• Other serious reactions may not occur for days or even several weeks after a rabies vaccination. These reactions can be physical as well as behavioral. Physical reactions include skin problems, muscle weakness, seizures, allergy developments and digestive problems. Behavioral reactions may include separation anxiety, obsessive compulsions (such as excessively licking paws), aggression, self-mutilation and eating foreign objects such as wood, dirt and rocks. Autoimmune diseases may develop, including those that affect the central nervous system, skin, eyes, liver, kidney, blood cells and bone marrow. Polyarthritis, a serious joint inflammation disorder, can also develop long after the vaccination takes place.






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post #8 of 16 (permalink) Old 03-26-2012, 03:16 PM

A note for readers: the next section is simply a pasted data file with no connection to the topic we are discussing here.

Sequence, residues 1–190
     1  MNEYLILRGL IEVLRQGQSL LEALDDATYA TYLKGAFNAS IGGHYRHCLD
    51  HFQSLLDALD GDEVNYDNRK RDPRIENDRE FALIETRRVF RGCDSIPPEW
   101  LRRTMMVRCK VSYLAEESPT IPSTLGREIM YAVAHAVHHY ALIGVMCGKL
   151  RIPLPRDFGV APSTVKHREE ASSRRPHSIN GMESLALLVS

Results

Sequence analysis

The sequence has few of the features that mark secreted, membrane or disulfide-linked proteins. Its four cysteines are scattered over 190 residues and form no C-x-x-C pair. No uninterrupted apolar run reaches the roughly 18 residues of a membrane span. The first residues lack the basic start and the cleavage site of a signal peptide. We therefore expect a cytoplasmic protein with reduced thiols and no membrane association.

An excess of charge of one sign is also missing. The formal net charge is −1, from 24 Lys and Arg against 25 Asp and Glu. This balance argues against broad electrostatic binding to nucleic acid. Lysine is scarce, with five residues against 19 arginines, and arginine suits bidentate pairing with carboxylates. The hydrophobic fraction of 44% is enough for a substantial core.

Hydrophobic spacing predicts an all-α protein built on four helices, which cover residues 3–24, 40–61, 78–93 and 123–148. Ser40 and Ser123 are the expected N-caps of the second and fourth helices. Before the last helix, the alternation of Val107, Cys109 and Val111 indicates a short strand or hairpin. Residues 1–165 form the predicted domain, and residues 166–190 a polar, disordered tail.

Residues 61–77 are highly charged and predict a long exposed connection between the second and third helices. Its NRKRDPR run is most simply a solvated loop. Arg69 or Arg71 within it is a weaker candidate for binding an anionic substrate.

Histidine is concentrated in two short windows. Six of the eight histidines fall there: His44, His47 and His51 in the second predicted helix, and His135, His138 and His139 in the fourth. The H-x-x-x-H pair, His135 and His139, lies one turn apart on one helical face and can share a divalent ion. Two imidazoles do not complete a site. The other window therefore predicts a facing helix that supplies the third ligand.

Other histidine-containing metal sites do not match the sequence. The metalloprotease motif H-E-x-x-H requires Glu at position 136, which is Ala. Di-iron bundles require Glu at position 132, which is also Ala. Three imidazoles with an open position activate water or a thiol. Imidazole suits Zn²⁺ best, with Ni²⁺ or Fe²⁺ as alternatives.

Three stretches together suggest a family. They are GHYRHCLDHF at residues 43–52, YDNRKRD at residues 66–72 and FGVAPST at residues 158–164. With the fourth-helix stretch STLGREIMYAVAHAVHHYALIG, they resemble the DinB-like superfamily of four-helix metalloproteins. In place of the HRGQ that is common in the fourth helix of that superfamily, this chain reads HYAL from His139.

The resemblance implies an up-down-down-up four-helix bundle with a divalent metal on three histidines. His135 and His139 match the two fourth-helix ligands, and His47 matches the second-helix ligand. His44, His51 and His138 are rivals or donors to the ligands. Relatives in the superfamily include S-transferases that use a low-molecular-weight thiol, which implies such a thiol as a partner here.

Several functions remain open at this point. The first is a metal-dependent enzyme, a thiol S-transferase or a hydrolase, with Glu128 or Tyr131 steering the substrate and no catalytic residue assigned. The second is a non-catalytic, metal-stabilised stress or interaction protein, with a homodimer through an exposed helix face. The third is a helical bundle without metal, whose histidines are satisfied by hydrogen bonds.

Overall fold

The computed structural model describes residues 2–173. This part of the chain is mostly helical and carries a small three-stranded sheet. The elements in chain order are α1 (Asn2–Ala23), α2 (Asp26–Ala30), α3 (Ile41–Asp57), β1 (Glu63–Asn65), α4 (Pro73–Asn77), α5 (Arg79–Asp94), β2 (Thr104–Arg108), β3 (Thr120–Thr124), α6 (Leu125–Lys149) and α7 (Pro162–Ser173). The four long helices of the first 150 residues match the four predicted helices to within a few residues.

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Vaccine Reactions in Dogs: Your Dog's Yearly Shots May do More Than Protect Against Disease | Suite101.com

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Symptoms of Severe Vaccine Reactions in Dogs

  • Weak Pulse
  • Low Blood Pressure
  • Diarrhea
  • Vomiting
  • Facial Swelling
  • Pale Gums
  • Cold Limbs
  • Seizures
  • Shock
  • Collapse
Much more common than severe vaccine reactions are mild reactions. Unlike severe vaccine reactions, mild reactions tend to occur at home after a few hours.
Symptoms of Mild Reactions in Dogs

  • Fever
  • Loss of Appetite
  • Pain at the Injection site/Limping
  • Lethargy
  • Sleeping More
  • Swelling at Injection Site